In our 50th episode:
- England’s ODI series victory over New Zealand
- Is Tammy Beaumont England’s best batter?
- Who should open for England in ODI cricket?
- Seam bowler selections
- Predictions for the T20 series
In our 50th episode:
For a few years after the dawn of the professional era, the average age of England’s “Top 6” hovered around 26/27. Then around 2016, something happened.
England under the leadership of Mark Robinson and Heather Knight found a batting formula that worked and won the World Cup with it. Tammy Beaumont was leading run scorer and player of the tournament; Heather Knight and Nat Sciver hit their first ODI hundreds – England were flying.
There’s a saying in computer programming: If it ain’t broke… don’t fix it! And England applied that mantra to their new-found magic batting formula, with one important side effect: their batting line-up began to age. As every year passed, the Top 6 became a year older, hitting 30 in 2020.
Longer term, there has to be a concern about this – England aren’t debuting new batters, and the worry is that in the next two or three years the entire lineup retires without any transition taking place to the next generation, who will be thrown unceremoniously thrown to the wolves just in time for the 2025 World Cup.
But in the short term, England’s “Old Guns” are absolutely owning the game, particularly in the longer 50-over format.
Last night’s 2nd ODI against the White Ferns was a classic case of older, wiser heads prevailing. Both teams lost early wickets – at 5 overs, New Zealand were 20-2; England were 21-2. It was in the next 5 overs that England won the game.
While New Zealand slumped, scoring just 8 runs in overs 5-10, and losing another 2 wickets in the process, Tammy Beaumont and Nat Sciver showed all their experience – shrugging off the match situation, they just played calm, sensible cricket. The result: 23 runs for the loss of no wickets.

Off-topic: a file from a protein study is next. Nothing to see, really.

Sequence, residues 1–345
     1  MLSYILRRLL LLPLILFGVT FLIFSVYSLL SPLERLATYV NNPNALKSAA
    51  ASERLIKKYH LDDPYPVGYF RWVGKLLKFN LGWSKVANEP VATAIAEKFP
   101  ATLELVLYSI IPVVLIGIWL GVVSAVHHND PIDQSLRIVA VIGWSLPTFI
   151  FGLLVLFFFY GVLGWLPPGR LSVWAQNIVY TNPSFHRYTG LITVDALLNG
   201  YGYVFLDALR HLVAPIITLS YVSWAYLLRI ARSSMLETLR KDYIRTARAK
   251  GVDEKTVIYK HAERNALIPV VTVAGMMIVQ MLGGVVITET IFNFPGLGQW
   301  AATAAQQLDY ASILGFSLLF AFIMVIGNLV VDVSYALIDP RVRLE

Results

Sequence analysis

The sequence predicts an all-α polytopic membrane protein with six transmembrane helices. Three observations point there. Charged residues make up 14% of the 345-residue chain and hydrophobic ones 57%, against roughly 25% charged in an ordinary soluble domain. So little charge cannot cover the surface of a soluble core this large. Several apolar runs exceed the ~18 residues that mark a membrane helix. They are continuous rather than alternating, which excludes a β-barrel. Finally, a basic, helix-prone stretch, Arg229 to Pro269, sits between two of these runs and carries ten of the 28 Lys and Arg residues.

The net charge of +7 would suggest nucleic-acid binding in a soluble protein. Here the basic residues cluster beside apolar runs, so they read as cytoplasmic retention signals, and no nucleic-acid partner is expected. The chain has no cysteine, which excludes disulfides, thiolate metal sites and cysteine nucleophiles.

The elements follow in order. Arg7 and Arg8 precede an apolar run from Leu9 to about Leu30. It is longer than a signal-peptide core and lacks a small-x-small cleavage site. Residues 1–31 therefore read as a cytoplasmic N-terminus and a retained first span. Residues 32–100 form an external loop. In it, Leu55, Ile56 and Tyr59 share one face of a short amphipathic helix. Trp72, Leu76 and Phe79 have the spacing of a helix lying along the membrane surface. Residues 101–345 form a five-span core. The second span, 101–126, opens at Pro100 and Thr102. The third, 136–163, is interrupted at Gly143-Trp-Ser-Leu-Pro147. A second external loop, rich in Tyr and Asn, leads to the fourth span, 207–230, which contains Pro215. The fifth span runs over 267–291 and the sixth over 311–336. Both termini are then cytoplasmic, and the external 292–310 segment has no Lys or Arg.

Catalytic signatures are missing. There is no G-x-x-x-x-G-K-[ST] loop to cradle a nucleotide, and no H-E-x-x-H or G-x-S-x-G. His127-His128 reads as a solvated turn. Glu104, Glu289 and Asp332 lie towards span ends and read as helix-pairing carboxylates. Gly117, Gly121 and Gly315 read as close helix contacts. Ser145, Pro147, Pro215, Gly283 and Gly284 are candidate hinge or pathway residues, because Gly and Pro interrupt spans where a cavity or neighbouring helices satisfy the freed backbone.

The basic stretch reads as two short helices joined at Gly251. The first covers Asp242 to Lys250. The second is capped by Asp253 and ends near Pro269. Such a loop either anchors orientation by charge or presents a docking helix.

And that was the game – Sciver and Beaumont both cruised passed 50, and although Sciver eventually holed-out with a slightly dozy shot, England’s win was never in doubt. Having initially required 3.8 runs per over, they scored steadily at well over 4 runs per over, to win the match inside 40 overs.
Tammy Beaumont’s innings – finishing 72 not out – really deserved to be a century, and had the White Ferns given her a few more runs to play with, she surely would have added to her tally of 8 international hundreds. With apologies to Knight, Sciver, and everyone else, Beaumont for me has been England’s best player through the past 5 years, and is now just 3 centuries away from overtaking Charlotte Edwards as England’s leading century-maker, despite having played just 73 ODIs to Edwards’ 191!
I’d still like to see England think a bit more about the future, and bring in some younger batting talent to ease the transition to the next generation a few years hence; but I have to admit, we’ll miss these Old Guns when they’re gone.
The ECB have announced the fixtures for The Hundred, with every single women’s match to be broadcast live on TV on either Sky or the BBC.
The Kia Oval will host the opening game of the women’s competition, with the Oval Invincibles taking on the Manchester Originals on 21 July – the day before the men’s competition begins.
The Oval will also host the women’s (and men’s) “eliminator” (AKA the 2nd v 3rd “semi-final”) at the other end of the tournament on 20 August, before the women’s (and men’s) final at Lords on 21 August.
The opening match and the final will both be shown on the BBC, with all other games on Sky. CRICKETher understands that the BBC have the rights to show 6 more matches, but the broadcaster is yet to make a final decision as to whether they will exercise this right and, if so, which matches they will choose.
The coverage represents a significant increase from what was promised for the 2020 women’s competition, where only the 9 double headers and the final were due to be televised. None of the standalone women’s group-stage fixtures would have been shown.
By contrast, in 2021 every match – apart from the opening day – will be a double-header, with the men’s and women’s teams playing the same opponents at the same venue on the same day.
Tickets for both games will be £10 for adults, £5 for under-16s and free for under-5s; with refunds promised if COVID means the games have to be played behind closed doors.
The full women’s schedule is below:
As discussed in the vodcast, here’s Syd’s piece on the World Cup documentary.
And here’s Jake Perry’s interview with Mark Coles.
The ECB have released the schedule for this summer’s regional competitions, confirming that the 50 over tournament will retain the “Rachael Heyhoe Flint Trophy” moniker which was so successful in 2020.